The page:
British Chamber’s Brussels insiders give the EU its marks

James Stevens, EU Committee Chair
A poll of British Chamber of Commerce in Belgium members finds concern about the impact of an UK exit on business, but criticizes the EU’s current momentum on key objectives for business.

British Chamber members in Europe’s capital have given the EU top marks for its progress on completing the single market, but worry that the bloc’s efforts to improve industrial competitiveness are floundering. In a survey of the chamber, members suggested that the impact of the UK leaving the EU would be serious for their own organisations and the UK economy as a whole. They were however split on how likely the UK is to leave the EU in the next ten years.

James Stevens, Chair of the EU Committee of the British Chamber said “British Chamber members are clearly concerned about the possibility of a Brexit and the impact it would have on the UK. They are urging the EU to focus on policies that will deliver the growth and jobs to keep the Union together.”

The British Chamber found that its members’ policy priorities for the next five years were completing the EU’s single market in goods and services and promoting industrial competitiveness. As Tom Murray, director of EUK Consulting, put it, “the single market is one of the raisons d’être of the European Union. Its completion should be central to the objectives of the new Commission.”

The new European Commission, due to be appointed by the end of the year, faces an uphill task to ensure the EU is making progress on the things that matter to business. While 71% of those questioned believed that the EU was making progress on the single market, only 34% of the members surveyed felt that the EU was advancing on promoting industrial competitiveness. For some members, it was clear where the blame lay for the lack of progress and it wasn’t in Brussels. “Most power to do anything lies with national capitals. Some are doing well on things like industrial competitiveness, but others are still living in the 1970s”, said Aaron McLoughlin of FleishmanHillard.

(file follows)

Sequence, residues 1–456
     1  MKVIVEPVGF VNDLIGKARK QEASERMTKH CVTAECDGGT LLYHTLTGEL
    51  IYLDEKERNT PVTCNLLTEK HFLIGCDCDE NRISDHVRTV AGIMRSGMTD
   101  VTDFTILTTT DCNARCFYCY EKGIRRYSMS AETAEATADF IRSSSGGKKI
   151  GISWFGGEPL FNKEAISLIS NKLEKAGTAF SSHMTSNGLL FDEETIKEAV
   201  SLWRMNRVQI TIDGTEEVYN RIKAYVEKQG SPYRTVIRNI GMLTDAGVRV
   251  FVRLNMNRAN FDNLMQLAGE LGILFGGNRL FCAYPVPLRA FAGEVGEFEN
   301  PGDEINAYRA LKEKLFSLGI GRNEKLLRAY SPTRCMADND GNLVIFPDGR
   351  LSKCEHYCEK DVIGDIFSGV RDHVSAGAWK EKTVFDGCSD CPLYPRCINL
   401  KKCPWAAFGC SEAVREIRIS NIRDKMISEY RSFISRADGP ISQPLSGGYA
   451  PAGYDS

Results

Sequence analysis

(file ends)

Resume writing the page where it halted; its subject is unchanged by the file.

On other policy objectives, British Chamber members judged there to be a strong positive momentum on promoting external trade and protecting the environment and consumers. The environment was however seen as a priority by only 7% of respondents. The EU was said to be stalling on institutional reform and reducing red tape, two areas where criticism of Brussels from the UK has been strong in the past.

On the subject of UK membership of the EU, the British Chamber’s members were clearly worried about the impact of such a move. A quarter of those responding said it would have a serious impact on their own business in the short term, rising to a third who feel it would have an impact in the long term. However, the real impact, according to British Chamber members, was on the UK economy as whole. 68% of British Chamber members stated that a UK exit would have a serious impact on the UK economy.

Opinion was more divided on the question of whether the UK would still be a member of the EU in ten years’ time. A quarter said there was no possibility that the UK would leave, but 62% felt that it was somewhat likely. While only ten percent of respondents felt Brexit very likely, it was also suggested that the issue needed to be addressed in the UK rather than Brussels. One member of the British Chamber commented that “regrettably the state of public opinion is such that Brexit is a distinct possibility.”

The British Chamber of Commerce in Belgium’s EU Committee is a platform for business to understand and engage with the EU institutions and other Brussels based EU stakeholders. Members of the Chamber in Brussels include BASF, Indra Systems, BT, Hitachi, Microsoft, Facebook, Samsung, Clifford Chance, Eli Lilly, Renault-Nissan and Alstom. The survey, conducted in May and June of this year, saw 132 representatives of British Chamber member companies provide their views on the basis of a quantitative online survey tool.

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